Miller is the son of an amateur jazz impresario who hosted informal, yet star-studded jam and recording sessions in his living room. At age five, Miller received his first 6-string tutelage from none other than the great Les Paul. Not surprisingly, Miller’s career echoed Paul’s in several ways: Both favored taste over flash, eschewed heavy artistic statements in favor of immaculately produced pop, employed top sidemen, and were fascinated by the sonic capabilities of the recording studio.
Two CDs compiled by Miller himself—1991’s The Best of 1968-1973, and 2003’s Young Hearts: Complete Greatest Hits—only overlap two tracks, and together they offer an excellent career retrospective. But to truly grasp the scope of Miller’s pop guitar artistry, his back catalog is also worth checking into.
Brave New World, 1969Your Saving Grace, 1969Number 5, 1970
Miller’s third, fourth, and fifth albums—all released within a span of 17 months—document his rapid transformation from psychedelic aspirant to pop-edged rocker. They are chock-full of gritty R&B guitar workouts (“My Dark Hour”), folk-y sing-a-longs (“Going To the Country”), gospel-rock anthems (“Your Saving Grace”) and space-blues jams (“Jackson Kent Blues”).
Fly Like an Eagle, 1976Book of Dreams, 1977
Recorded at the same time—mostly in his home studio—and released a year apart, these two records transformed Miller from a mid-level success to a radio-ruling, stadium-filling giant. “Jet Airliner,” “Take the Money and Run,” and “Rockin’ Me” are textbook examples of the “Killer-Miller” formula: no-frills blues riffs, sweet Strat tones, and choruses so ubiquitously catchy that Beethoven was probably humming them in his grave. Alert listeners will dig how the massively popular “Fly Like an Eagle” reworks Miller’s “My Dark Hour” riff, and sets it adrift in a sea of analog synth madness. Cheesy, but cool!
Children of the Future, 1968Sailor, 1968
Miller’s first two releases (with Boz Scaggs in tow as co-lead guitarist) bookend the summer of ’68, and are a surprisingly heady dose of progressive acid rock. “In My First Mind” parallels the Moody Blues’ “Nights in White Satin” and King Crimson’s “The Court of the Crimson King,” while the ambient “Song for Our Ancestors” was almost certainly an influence on Pink Floyd’s “Echoes.”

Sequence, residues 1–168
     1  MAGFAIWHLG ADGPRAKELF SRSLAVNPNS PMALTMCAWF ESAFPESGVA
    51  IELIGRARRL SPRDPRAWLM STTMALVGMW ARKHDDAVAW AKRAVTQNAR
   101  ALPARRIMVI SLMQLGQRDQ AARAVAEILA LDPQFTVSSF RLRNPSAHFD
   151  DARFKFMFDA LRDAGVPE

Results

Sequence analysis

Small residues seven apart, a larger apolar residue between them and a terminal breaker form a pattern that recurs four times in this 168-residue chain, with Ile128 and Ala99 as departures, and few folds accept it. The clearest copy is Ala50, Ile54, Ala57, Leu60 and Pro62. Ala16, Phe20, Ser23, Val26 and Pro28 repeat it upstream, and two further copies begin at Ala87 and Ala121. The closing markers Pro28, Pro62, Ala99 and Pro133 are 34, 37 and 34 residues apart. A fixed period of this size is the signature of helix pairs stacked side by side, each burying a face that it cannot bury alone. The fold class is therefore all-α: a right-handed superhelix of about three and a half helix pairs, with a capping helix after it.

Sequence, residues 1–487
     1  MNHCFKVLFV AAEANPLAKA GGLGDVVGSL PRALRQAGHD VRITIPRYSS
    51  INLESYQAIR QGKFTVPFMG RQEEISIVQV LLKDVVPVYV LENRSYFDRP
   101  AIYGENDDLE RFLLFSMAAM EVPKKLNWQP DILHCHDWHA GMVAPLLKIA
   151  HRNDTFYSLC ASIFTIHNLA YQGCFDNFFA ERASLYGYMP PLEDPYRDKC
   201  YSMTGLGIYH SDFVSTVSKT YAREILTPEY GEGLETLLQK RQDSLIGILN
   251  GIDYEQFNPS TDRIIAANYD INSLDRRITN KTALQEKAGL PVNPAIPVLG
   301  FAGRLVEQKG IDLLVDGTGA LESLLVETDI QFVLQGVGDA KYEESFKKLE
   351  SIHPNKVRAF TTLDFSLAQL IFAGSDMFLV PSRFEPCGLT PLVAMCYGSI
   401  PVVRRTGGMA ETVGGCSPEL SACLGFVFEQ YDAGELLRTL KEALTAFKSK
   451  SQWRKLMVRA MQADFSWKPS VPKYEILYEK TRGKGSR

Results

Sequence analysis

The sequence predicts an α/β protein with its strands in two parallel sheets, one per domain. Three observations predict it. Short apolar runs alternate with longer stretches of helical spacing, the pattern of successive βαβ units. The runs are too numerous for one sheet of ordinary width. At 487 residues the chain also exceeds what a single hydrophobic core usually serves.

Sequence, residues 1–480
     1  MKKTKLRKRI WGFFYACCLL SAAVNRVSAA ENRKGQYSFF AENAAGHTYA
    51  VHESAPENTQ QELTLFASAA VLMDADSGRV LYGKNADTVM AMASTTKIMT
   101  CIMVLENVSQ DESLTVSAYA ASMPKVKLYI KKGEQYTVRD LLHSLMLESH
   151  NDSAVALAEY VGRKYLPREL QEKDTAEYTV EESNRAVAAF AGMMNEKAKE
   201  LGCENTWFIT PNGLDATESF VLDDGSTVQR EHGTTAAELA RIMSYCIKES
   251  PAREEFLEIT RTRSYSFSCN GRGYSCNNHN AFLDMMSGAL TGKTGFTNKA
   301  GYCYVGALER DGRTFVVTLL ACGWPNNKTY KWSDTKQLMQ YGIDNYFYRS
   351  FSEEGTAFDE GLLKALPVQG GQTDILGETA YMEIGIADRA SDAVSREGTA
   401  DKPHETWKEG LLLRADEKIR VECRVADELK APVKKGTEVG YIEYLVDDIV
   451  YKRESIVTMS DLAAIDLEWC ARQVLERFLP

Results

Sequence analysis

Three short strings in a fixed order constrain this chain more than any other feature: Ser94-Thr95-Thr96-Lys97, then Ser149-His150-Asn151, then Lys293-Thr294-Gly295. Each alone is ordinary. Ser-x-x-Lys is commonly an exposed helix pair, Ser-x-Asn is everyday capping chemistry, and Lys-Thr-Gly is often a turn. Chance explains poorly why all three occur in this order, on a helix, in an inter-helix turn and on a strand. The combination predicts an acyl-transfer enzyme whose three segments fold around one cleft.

The Joker, 1972
Ignore the fact you’ve heard the title track at least ten gazillion times, because the layered guitar harmonies on “Sugar Babe” and “Shu Ba Da Du Ma Ma Ma Ma Ma” are pure ’70s riff-rock heaven, and “Evil” is Miller’s evocative Tin Pan Alley-ish take on a minor blues.
Born 2B Blue, 1988
A veteran rocker tracking an album of standards as a nod to “The Great American Songbook” has become a cliché, but it was still pretty hip when Miller did it back in ’88. Factor in Miller’s smooth-as-silk obbligato guitar lines—and his genuine love of the genre via his early swing education—and you've got an album of disarmingly charming smooth jazz.
Wide River, 1993
This is the closest Miller has come in recent years to capturing the good-time vibe of his mid-’70s apex. Sadly, it was released in an era when teen angst was all the rage. Too bad, as “Cry Cry Cry” boasts some of Miller’s most inspired lead playing ever.
The King Biscuit Flower Hour Presents: The Steve Miller Band Live 1973-76, 2002
Of all the musicians from the ’60s San Francisco scene, Miller ranks among the least concerned with playing improvisational music. No surprise, then, that this live collection shows a consummate professional engaging his audience with a tightly arranged show that lets the songs speak for themselves.
Rock Love, 1971
After the victory march of his first five records, Miller replaced his back-up band with a bunch of hired guns, and released this set of tepid blues rock. His inspiration was clearly sagging, and it’s no surprise some fans jokingly refer to this album as “Rock Bottom.”
Circle of Love, 1981
Innocuous, lightweight pop fare—until you reach “Macho City.” The 16-minute, part-blues, part-rap, part-disco quasi-political statement aspires to be like Charles Mingus’ “Fables of Faubus,” but ends up sounding like the bastard child of Devo’s “Jocko Homo.”
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